Researchers from the University of Buffalo have found that reading fiction can improve people's ability to empathize with others. For the purposes of their study, those "others" are wizards and vampires - the researchers used excerpts from JK Rowling's Harry Potter books and the Twilight series by Stephenie Meyer to test the responses of 140 undergraduate students. They found that after reading passages from Harry Potter, students self-identified as wizards, while Twilight readers connected with the vampire characters.
While these specific examples may be a little trivial - as far as we know there aren't too many real-world vampires and wizards in need of empathy - a lot of serious thought has gone into the relationship between literature, empathy and social justice. The idea that reading can help us identify with others more fully, and even lead to a better society, has been around for a long time.
Philosophers Martha Nussbaum and Richard Rorty have both argued that legal figures, especially judges, should read fiction in order to empathize more effectively with the accused. Literature, they believe, offers a way of engaging with the stories and internal lives of people different from ourselves, which may lead to fairer and more nuanced judgments ...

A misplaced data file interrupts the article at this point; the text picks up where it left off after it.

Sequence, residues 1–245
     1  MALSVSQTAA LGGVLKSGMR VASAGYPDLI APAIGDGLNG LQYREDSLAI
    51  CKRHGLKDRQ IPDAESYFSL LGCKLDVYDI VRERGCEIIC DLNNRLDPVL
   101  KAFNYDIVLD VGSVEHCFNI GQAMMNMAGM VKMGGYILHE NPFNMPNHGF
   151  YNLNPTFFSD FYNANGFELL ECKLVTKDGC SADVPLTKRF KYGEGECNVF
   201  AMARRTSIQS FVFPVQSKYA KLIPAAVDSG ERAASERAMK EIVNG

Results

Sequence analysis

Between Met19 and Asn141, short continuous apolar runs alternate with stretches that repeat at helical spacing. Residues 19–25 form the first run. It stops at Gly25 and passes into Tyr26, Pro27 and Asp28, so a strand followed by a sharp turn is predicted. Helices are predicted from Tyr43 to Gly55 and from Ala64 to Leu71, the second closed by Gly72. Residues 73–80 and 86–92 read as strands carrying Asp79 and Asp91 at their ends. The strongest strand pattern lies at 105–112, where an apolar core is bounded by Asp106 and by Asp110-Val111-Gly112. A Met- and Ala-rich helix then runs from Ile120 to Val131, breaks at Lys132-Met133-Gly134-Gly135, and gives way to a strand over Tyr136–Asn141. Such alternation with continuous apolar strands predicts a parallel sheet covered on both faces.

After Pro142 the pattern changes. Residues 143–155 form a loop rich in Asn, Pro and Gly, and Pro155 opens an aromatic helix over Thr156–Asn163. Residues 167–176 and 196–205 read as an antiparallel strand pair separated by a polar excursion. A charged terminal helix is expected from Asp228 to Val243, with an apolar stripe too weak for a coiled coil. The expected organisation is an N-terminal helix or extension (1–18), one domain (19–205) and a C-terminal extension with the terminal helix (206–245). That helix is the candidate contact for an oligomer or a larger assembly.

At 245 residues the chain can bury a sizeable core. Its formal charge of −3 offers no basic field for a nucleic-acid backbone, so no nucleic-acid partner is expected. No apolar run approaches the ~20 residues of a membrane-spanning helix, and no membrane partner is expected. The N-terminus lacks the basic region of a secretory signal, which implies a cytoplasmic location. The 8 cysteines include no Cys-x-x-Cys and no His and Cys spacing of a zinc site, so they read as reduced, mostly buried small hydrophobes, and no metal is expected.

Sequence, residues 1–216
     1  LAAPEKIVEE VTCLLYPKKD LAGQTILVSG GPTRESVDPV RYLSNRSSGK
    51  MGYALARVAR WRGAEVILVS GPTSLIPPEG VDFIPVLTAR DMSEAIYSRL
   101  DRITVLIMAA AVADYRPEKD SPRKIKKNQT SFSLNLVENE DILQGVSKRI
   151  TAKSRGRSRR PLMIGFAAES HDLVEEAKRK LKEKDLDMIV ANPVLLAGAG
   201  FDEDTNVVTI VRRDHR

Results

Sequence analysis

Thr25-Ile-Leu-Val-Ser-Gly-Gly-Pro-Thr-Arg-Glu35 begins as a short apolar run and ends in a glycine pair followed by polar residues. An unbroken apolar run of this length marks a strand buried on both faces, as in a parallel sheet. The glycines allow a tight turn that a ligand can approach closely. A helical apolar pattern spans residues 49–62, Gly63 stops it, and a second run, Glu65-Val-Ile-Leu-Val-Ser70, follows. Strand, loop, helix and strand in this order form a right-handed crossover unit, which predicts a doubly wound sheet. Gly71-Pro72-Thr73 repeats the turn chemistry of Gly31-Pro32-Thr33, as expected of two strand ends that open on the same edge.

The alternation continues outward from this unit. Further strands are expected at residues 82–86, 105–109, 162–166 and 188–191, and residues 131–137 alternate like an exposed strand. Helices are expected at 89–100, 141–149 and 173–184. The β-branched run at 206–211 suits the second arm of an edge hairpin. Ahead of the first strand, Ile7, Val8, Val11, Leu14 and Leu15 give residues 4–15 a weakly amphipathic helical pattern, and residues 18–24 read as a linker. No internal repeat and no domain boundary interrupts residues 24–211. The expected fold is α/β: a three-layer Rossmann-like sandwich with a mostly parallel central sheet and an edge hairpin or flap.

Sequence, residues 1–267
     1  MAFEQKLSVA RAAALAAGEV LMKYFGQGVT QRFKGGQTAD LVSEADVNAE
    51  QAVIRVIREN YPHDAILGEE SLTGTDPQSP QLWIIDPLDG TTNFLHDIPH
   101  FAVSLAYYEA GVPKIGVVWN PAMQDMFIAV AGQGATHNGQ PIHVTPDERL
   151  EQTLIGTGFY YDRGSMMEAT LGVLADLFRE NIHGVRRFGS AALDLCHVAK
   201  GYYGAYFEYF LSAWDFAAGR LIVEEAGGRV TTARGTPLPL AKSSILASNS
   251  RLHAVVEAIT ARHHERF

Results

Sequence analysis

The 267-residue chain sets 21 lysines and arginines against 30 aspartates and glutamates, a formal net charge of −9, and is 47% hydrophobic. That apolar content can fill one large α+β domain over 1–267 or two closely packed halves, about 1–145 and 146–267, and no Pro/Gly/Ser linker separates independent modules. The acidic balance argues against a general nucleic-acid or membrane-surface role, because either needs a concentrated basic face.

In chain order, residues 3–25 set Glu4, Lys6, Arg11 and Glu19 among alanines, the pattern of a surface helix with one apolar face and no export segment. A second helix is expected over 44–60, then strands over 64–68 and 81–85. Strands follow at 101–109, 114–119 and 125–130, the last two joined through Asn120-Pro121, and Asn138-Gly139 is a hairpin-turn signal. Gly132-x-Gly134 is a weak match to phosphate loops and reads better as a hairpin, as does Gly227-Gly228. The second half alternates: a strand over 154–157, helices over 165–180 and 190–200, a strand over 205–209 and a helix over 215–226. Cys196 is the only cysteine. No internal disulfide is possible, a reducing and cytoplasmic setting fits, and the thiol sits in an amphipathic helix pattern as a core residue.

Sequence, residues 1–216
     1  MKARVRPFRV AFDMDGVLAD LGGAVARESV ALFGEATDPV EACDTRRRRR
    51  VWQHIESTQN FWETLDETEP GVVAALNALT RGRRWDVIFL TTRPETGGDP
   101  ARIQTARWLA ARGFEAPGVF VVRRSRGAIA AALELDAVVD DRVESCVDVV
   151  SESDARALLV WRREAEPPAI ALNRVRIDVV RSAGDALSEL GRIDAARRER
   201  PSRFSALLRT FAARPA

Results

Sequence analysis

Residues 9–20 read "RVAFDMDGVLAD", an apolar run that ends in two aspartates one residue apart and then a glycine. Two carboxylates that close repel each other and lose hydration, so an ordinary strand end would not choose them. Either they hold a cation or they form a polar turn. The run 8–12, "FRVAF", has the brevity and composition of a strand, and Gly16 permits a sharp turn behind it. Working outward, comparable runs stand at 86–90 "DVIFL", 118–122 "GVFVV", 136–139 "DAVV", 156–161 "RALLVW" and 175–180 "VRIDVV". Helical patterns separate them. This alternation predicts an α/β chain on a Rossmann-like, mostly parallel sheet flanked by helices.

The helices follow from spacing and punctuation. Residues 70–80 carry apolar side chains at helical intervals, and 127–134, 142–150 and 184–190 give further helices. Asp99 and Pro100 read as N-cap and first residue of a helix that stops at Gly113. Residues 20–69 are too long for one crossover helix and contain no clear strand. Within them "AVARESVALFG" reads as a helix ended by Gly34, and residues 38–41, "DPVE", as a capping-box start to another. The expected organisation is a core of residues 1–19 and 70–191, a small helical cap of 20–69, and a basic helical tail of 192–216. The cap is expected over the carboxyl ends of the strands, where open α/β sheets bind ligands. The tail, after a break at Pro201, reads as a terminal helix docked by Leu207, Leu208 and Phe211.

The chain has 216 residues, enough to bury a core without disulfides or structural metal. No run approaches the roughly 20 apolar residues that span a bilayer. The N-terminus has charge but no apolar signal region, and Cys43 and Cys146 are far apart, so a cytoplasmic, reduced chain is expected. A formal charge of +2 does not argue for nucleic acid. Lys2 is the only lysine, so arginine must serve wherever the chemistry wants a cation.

"As we tell stories about the lives of others, we learn how to imagine what another creature might feel in response to various events. At the same time, we identify with the other creature and learn something about ourselves." - Martha C. Nussbaum
"Solidarity is not discovered by reflection, but created. It is created by increasing our sensitivity to the particular details of the pain and humiliation of other, unfamiliar sorts of people. Such increased sensitivity makes it more difficult to marginalize people different from ourselves by thinking, "They do not feel as WE would," or "There must always be suffering, so why not let THEM suffer?" - Richard Rorty
However you feel about the theory that judges should read fiction, there was a serious debate about it in the United States in 2009, when President Obama said he'd be looking for "empathy" in his choice for a new Supreme Court judge. Many conservative commentators were enraged by the President's use of the word - Wendy Long, who clerked for Justice Clarence Thomas, said "a judge is supposed to have empathy for no one but simply to follow the law."
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